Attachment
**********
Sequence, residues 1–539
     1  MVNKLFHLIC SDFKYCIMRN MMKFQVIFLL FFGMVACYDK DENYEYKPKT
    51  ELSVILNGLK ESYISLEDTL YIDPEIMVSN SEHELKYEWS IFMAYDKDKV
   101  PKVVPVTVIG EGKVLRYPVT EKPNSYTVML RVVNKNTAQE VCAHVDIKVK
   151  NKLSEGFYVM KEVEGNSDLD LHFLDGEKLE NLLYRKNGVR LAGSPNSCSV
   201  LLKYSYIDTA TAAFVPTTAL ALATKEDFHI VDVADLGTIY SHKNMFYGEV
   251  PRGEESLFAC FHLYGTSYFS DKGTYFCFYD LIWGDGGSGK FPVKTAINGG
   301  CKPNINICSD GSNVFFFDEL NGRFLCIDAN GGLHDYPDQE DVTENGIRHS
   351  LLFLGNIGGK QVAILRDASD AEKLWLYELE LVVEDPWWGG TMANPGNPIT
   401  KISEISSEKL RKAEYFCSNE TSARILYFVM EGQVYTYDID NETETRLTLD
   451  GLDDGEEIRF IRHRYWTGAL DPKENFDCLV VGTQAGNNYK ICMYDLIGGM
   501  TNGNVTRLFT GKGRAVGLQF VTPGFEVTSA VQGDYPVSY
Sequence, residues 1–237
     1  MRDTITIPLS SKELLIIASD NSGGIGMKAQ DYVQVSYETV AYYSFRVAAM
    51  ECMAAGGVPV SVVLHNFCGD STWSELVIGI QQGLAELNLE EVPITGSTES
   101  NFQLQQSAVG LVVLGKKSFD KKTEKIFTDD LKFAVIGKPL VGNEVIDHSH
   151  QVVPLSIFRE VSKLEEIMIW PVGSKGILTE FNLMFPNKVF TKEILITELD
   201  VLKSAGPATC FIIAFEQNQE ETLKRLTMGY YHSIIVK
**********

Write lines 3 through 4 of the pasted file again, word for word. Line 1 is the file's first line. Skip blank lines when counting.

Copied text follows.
    51  ELSVILNGLK ESYISLEDTL YIDPEIMVSN SEHELKYEWS IFMAYDKDKV
   101  PKVVPVTVIG EGKVLRYPVT EKPNSYTVML RVVNKNTAQE VCAHVDIKVK